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The joint lasso: high-dimensional regression for group structured data

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The joint lasso : high-dimensional regression for group structured data. / The Alzheimer's Disease Neuroimaging Initiative.

In: Biostatistics, Vol. 21, No. 2, 01.04.2020, p. 219–235.

Research output: Contribution to journalJournal article

Harvard

The Alzheimer's Disease Neuroimaging Initiative 2020, 'The joint lasso: high-dimensional regression for group structured data', Biostatistics, vol. 21, no. 2, pp. 219–235. https://doi.org/10.1093/biostatistics/kxy035

APA

The Alzheimer's Disease Neuroimaging Initiative (2020). The joint lasso: high-dimensional regression for group structured data. Biostatistics, 21(2), 219–235. https://doi.org/10.1093/biostatistics/kxy035

Vancouver

The Alzheimer's Disease Neuroimaging Initiative. The joint lasso: high-dimensional regression for group structured data. Biostatistics. 2020 Apr 1;21(2):219–235. https://doi.org/10.1093/biostatistics/kxy035

Author

The Alzheimer's Disease Neuroimaging Initiative. / The joint lasso : high-dimensional regression for group structured data. In: Biostatistics. 2020 ; Vol. 21, No. 2. pp. 219–235.

Bibtex

@article{1e8714441b534ee9bfae315325175820,
title = "The joint lasso: high-dimensional regression for group structured data",
abstract = "We consider high-dimensional regression over subgroups of observations. Our work is motivated by biomedical problems, where subsets of samples, representing for example disease subtypes, may differ with respect to underlying regression models. In the high-dimensional setting, estimating a different model for each subgroup is challenging due to limited sample sizes. Focusing on the case in which subgroup-specific models may be expected to be similar but not necessarily identical, we treat subgroups as related problem instances and jointly estimate subgroup-specific regression coefficients. This is done in a penalized framework, combining an l1 term with an additional term that penalizes differences between subgroup-specific coefficients. This gives solutions that are globally sparse but that allow information-sharing between the subgroups. We present algorithms for estimation and empirical results on simulated data and using Alzheimer{\textquoteright}s disease, amyotrophic lateral sclerosis, and cancer datasets. These examples demonstrate the gains joint estimation can offer in prediction as well as in providing subgroup-specific sparsity patterns.",
keywords = "Group-structured data, Heterogeneous data, High-dimensional regression, Penalized regression, Information sharing",
author = "Frank Dondelinger and Sach Mukherjee and {The Alzheimer's Disease Neuroimaging Initiative}",
year = "2020",
month = apr
day = "1",
doi = "10.1093/biostatistics/kxy035",
language = "English",
volume = "21",
pages = "219–235",
journal = "Biostatistics",
issn = "1465-4644",
publisher = "Oxford University Press",
number = "2",

}

RIS

TY - JOUR

T1 - The joint lasso

T2 - high-dimensional regression for group structured data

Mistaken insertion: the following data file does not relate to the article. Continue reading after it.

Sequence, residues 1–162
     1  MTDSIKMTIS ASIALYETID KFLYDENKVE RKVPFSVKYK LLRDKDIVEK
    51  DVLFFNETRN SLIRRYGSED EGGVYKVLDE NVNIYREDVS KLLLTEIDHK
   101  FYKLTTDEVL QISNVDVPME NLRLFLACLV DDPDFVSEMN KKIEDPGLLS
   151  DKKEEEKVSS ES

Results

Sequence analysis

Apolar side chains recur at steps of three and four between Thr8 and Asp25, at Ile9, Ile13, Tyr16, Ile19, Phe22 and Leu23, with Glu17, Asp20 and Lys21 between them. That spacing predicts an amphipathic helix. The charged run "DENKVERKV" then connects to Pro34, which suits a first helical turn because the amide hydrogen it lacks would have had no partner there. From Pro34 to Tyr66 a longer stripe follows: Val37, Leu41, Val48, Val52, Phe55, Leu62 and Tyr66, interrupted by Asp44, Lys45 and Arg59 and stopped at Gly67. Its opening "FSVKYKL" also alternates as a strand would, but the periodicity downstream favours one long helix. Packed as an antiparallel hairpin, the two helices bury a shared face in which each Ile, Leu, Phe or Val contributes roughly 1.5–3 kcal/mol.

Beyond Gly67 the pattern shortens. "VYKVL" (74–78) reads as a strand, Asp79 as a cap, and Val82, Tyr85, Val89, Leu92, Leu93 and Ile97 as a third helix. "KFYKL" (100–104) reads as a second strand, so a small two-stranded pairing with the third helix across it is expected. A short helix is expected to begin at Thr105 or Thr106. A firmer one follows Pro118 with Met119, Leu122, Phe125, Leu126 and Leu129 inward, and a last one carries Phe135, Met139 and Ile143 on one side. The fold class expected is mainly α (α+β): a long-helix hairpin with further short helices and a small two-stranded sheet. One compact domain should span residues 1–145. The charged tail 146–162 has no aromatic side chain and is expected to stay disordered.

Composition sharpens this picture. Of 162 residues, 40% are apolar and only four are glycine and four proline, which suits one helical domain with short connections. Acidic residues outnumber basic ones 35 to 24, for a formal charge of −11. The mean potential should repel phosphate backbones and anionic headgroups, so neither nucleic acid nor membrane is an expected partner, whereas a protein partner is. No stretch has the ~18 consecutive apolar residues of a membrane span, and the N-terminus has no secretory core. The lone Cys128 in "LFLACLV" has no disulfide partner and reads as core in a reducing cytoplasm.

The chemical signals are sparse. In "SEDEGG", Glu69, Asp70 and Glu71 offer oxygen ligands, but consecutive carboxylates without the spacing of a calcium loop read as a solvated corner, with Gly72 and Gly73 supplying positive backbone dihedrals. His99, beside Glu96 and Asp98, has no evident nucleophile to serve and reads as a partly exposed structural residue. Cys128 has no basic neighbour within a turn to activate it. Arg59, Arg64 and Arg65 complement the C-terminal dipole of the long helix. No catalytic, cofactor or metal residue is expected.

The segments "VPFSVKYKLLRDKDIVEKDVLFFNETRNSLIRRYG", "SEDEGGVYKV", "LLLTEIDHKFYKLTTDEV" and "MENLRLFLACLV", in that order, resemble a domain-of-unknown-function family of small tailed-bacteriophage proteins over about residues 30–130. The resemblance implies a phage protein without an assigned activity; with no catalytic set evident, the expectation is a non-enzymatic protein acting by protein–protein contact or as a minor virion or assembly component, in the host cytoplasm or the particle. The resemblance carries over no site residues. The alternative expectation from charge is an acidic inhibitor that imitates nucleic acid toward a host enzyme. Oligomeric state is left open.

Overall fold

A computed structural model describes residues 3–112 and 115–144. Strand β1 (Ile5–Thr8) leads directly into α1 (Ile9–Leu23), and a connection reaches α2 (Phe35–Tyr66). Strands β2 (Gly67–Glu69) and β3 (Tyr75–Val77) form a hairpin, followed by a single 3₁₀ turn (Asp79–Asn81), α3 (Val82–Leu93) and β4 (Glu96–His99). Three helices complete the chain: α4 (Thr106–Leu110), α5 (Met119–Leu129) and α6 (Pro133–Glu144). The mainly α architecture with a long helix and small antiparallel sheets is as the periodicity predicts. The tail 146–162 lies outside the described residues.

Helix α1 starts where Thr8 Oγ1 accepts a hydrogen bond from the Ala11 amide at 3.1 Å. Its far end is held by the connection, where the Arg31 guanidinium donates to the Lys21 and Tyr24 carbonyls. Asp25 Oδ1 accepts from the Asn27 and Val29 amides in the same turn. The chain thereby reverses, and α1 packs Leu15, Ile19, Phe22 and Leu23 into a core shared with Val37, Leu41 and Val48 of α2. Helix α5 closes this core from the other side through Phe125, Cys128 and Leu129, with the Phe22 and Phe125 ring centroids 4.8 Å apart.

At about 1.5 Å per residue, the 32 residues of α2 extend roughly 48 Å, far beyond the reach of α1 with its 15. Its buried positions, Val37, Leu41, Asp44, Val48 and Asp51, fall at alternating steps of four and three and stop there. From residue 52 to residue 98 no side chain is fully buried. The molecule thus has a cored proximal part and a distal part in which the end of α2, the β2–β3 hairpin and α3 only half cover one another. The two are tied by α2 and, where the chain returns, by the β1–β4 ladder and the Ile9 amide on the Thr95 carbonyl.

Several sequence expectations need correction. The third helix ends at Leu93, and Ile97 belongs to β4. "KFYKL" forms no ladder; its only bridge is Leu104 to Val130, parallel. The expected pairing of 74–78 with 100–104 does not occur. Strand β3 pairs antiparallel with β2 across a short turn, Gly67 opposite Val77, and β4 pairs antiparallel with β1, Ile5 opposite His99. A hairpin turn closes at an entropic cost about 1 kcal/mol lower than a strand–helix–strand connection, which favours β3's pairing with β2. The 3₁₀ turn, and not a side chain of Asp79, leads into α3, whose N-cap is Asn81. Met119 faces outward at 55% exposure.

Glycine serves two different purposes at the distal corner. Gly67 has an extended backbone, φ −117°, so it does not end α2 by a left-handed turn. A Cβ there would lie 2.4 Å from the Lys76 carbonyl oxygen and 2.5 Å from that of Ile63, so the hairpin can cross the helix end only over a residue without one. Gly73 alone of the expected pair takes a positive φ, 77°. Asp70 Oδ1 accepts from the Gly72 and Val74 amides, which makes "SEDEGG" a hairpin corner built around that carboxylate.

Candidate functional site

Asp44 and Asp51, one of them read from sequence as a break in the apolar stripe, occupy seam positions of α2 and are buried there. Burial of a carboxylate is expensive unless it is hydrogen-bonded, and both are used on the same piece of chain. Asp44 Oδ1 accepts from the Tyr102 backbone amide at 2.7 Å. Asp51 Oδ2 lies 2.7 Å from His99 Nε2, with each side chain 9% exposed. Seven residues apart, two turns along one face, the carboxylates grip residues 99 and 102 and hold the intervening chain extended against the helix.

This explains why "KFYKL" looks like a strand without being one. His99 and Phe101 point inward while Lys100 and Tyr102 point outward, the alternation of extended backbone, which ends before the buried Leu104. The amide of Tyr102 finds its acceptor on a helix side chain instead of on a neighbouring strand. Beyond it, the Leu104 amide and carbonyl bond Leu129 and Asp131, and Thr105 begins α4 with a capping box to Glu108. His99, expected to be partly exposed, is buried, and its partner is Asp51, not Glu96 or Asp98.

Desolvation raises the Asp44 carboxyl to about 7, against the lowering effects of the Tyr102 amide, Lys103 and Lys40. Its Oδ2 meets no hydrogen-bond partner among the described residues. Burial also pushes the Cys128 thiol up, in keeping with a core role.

AU - Dondelinger, Frank

AU - Mukherjee, Sach

AU - The Alzheimer's Disease Neuroimaging Initiative

PY - 2020/4/1

Y1 - 2020/4/1

N2 - We consider high-dimensional regression over subgroups of observations. Our work is motivated by biomedical problems, where subsets of samples, representing for example disease subtypes, may differ with respect to underlying regression models. In the high-dimensional setting, estimating a different model for each subgroup is challenging due to limited sample sizes. Focusing on the case in which subgroup-specific models may be expected to be similar but not necessarily identical, we treat subgroups as related problem instances and jointly estimate subgroup-specific regression coefficients. This is done in a penalized framework, combining an l1 term with an additional term that penalizes differences between subgroup-specific coefficients. This gives solutions that are globally sparse but that allow information-sharing between the subgroups. We present algorithms for estimation and empirical results on simulated data and using Alzheimer’s disease, amyotrophic lateral sclerosis, and cancer datasets. These examples demonstrate the gains joint estimation can offer in prediction as well as in providing subgroup-specific sparsity patterns.

AB - We consider high-dimensional regression over subgroups of observations. Our work is motivated by biomedical problems, where subsets of samples, representing for example disease subtypes, may differ with respect to underlying regression models. In the high-dimensional setting, estimating a different model for each subgroup is challenging due to limited sample sizes. Focusing on the case in which subgroup-specific models may be expected to be similar but not necessarily identical, we treat subgroups as related problem instances and jointly estimate subgroup-specific regression coefficients. This is done in a penalized framework, combining an l1 term with an additional term that penalizes differences between subgroup-specific coefficients. This gives solutions that are globally sparse but that allow information-sharing between the subgroups. We present algorithms for estimation and empirical results on simulated data and using Alzheimer’s disease, amyotrophic lateral sclerosis, and cancer datasets. These examples demonstrate the gains joint estimation can offer in prediction as well as in providing subgroup-specific sparsity patterns.

KW - Group-structured data

KW - Heterogeneous data

KW - High-dimensional regression

KW - Penalized regression

KW - Information sharing

U2 - 10.1093/biostatistics/kxy035

DO - 10.1093/biostatistics/kxy035

M3 - Journal article

VL - 21

SP - 219

EP - 235

JO - Biostatistics

JF - Biostatistics

SN - 1465-4644

IS - 2

ER -